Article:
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Back-to-school tax planning

With back-to-school season upon us, some of us may be feeling the pinch as we pay tuition fees for our university or college-bound children.
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Laurie Bissonette, FCPA, FCA, is a partner with KPMG Enterprise. She can be reached at 705-669-2521 or lbissonette@kpmg.ca

With back-to-school season upon us, some of us may be feeling the pinch as we pay tuition fees for our university or college-bound children. Your employees may be surprised to find that companies can help bear this cost by providing a tax-effective scholarship program for their children. Such programs can help attract and retain employees for both big and smaller business, since the scholarships are considered to be provided to the student, and are not taxed in the hands of the employee. This can be beneficial where the student is enrolled at a qualifying post-secondary institution and can claim the full-time education amount, as post-secondary scholarships, fellowships and bursaries received are fully tax exempt.

The Canada Revenue Agency (CRA) changed its policy after a 2008 court decision determined that awards paid under a company’s post-secondary scholarship program should not be a taxable benefit to the employees, but rather the amounts should be taxed in the student’s hands. This change was later adopted into the Income Tax Act and these kinds of programs have since become more popular.

If you’re thinking of introducing an employee scholarship program, you’ll have to ensure it meets certain criteria to qualify for favourable tax treatment. Private company owners should keep in mind that employees whose children receive the scholarships can’t own more than 50 per cent of the company’s shares — that is, scholarships awarded to children of shareholders won’t be able to benefit from this program. Also, the employee’s salary can’t “fund” the scholarship paid to the child. It’s important to note that this treatment applies only to scholarships for post-secondary education, not elementary or private school tuition.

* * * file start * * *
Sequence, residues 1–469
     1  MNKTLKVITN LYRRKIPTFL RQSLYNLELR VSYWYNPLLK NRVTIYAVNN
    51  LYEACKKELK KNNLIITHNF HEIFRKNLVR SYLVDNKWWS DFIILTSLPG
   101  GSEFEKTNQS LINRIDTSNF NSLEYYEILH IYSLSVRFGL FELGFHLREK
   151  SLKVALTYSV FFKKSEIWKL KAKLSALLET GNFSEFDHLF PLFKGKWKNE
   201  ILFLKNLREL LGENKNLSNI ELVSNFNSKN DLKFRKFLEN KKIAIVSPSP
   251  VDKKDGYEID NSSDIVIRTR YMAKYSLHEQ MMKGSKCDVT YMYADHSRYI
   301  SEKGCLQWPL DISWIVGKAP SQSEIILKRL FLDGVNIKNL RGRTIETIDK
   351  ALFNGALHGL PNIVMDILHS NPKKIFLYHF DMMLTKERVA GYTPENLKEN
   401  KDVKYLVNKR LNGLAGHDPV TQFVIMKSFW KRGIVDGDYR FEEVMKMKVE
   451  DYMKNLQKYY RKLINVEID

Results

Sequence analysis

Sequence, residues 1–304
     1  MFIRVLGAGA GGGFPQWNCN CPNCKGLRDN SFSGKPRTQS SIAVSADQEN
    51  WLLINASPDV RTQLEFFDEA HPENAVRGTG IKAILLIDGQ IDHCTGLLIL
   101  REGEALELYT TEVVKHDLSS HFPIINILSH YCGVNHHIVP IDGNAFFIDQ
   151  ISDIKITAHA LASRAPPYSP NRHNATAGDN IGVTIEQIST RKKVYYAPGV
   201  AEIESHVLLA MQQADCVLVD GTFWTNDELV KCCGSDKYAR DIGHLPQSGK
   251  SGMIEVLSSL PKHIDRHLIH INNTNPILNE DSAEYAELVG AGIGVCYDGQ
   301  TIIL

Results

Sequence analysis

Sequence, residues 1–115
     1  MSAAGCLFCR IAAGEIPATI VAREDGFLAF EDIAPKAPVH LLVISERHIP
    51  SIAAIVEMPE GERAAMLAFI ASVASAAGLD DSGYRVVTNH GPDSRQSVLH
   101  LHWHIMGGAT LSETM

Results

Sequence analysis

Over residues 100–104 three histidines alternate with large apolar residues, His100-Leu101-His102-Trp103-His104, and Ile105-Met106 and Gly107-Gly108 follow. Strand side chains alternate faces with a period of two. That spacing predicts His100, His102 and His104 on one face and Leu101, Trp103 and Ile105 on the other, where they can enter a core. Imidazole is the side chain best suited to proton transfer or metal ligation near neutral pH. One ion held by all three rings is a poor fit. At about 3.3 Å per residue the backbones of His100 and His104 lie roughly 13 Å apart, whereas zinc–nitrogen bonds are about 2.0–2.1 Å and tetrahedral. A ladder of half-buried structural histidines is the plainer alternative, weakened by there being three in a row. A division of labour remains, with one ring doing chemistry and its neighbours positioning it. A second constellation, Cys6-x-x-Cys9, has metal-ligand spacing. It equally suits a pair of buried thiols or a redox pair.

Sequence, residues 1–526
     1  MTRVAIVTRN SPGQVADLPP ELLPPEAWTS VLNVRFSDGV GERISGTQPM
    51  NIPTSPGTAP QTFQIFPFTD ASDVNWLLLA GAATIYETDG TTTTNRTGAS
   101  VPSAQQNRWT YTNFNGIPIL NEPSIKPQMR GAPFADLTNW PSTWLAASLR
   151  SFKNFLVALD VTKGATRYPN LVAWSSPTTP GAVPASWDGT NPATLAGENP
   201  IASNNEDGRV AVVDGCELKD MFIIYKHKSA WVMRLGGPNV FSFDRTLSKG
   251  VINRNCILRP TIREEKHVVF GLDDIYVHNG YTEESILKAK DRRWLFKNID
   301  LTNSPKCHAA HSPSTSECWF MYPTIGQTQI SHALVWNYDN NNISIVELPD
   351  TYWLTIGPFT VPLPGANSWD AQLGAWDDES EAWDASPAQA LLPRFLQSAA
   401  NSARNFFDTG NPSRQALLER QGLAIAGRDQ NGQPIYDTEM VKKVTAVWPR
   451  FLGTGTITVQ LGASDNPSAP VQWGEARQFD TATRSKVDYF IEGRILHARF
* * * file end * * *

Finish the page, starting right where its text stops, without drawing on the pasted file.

An example of a qualifying program is the one in that led to the CRA’s policy change. In this tax case, a business established a program to recognize the scholastic achievement of eligible employees’ children and to encourage them to pursue post-secondary education. The program, which was available at no cost to the employees, covered the student’s tuition fees to a maximum of $3,000 a year.

To qualify for the award, the student had to be a dependent child of an employee and had to attend an approved university or college. The student was required to have an academic average of at least 70 per cent in his or her graduating year of high school. The business granted a maximum number of awards each year based on the applicants’ highest averages. The awards could be renewed annually for up to four years, provided the student maintained good academic standing.

The company that offered this particular scholarship program was a large multinational with many employees, and had detailed eligibility rules for its scholarships. But a business’ scholarship program doesn’t have to have all these bells and whistles as long as the program offers legitimate scholarships — the payment must be made to the student, not the employee, and can’t be a substitute for pay or benefits the employee would have otherwise received.

Back-to-school may be a good time to study your employee compensation package — you may learn that adding a scholarship program will get you “top marks” from your employees.




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